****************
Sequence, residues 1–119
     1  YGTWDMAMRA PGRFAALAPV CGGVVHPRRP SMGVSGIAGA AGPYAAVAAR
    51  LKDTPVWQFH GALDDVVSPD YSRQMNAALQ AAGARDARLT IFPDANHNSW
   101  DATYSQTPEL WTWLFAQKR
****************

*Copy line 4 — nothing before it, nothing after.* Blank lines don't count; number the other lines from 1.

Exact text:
   101  DATYSQTPEL WTWLFAQKR